This is ALL THINGS CONSIDERED from NPR News. I'm Robert Siegel.
AUDIE CORNISH, HOST:
And I'm Audie Cornish. And it's time for All Tech Considered.
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CORNISH: This week, we're exploring the subject of kids and technology. Children growing up these days are surrounded by and often immersed in digital media. You might call them digital natives. And we're going to explore what it's like to raise them.
When you're in love with science, ordinary everyday stuff can suddenly seem extraordinary. At least that's how NPR blogger and astrophysicist Adam Frank sees it, even down to the dust on his car.
ADAM FRANK, BYLINE: Carl Sagan, an astronomer with the soul of a poet, liked to remind us that we are all star stuff. It was without a doubt one of his most beautiful images. But what really was Carl Sagan talking about? Well, there are two answers to this question.
Originally published on Thu October 31, 2013 10:52 am
When you sit down at Chef José Andrés' tapas restaurant, Jaleo, in Washington, D.C., and ask to see the beverage options, as I did recently, you're in for a surprise. Instead of a traditional leather-bound menu, I was handed an iPad.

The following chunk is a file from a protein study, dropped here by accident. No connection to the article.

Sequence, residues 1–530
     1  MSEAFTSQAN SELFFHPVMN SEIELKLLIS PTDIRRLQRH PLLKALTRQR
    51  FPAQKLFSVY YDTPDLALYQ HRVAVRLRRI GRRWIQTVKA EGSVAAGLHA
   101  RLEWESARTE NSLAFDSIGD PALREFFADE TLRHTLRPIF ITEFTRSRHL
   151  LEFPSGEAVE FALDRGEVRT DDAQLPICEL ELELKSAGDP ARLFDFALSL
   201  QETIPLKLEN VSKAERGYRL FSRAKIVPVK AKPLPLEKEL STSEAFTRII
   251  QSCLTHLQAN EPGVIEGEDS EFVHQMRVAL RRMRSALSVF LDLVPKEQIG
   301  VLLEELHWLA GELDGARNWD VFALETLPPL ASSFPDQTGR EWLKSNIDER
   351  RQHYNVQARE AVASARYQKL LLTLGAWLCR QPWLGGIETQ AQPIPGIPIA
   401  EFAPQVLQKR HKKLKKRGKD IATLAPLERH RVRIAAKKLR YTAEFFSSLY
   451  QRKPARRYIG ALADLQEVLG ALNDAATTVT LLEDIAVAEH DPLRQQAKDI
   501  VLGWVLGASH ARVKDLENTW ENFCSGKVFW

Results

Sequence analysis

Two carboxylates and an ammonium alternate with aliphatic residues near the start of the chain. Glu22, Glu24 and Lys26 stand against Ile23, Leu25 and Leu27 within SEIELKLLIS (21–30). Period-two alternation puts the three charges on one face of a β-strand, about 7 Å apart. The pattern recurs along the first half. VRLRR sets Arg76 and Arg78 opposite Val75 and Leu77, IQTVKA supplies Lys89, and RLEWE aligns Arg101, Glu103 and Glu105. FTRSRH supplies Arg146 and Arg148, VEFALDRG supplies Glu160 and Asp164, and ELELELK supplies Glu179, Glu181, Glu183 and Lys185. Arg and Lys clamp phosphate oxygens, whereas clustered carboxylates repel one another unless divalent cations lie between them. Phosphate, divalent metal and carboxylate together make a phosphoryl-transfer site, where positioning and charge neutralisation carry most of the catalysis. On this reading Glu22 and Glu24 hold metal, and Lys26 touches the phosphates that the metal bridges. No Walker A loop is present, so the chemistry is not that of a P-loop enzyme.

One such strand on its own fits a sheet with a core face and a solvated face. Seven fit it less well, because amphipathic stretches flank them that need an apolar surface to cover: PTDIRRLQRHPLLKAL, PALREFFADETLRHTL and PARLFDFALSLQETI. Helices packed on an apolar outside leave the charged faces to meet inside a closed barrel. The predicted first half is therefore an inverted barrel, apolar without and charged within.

Anthropologist Lynne Isbell was running through a glade in central Kenya in 1992 when something suddenly caused her to freeze in her tracks. "I stopped just in front of a cobra," she says. "It was raised with its hood spread out."
Isbell, who is at the University of California, Davis, says she has spent the past couple of decades trying to understand how she could have reacted before her conscious brain even had a chance to think — cobra!
This week, we're exploring the tech frontier through the eyes of our children. So we're starting with the littlest ones — babies. Can certain kinds of screen time help babies learn?
To find some answers, I employed the help of my 1-year-old daughter, Eva. She's still a wobbly walker and the sum total of her speaking skills sound like gibberish. But she has no problem activating Siri, the virtual assistant on my iPhone. Her 16-month-old friend, Lily, is even savvier with the gadgets.
Originally published on Tue October 29, 2013 10:22 am
We are really excited to start a new team-centered, theme-driven reporting effort. ("We" refers to your NPR tech reporting team — Steve Henn and Laura Sydell out in the Bay Area, and me, here at NPR's headquarters in Washington.)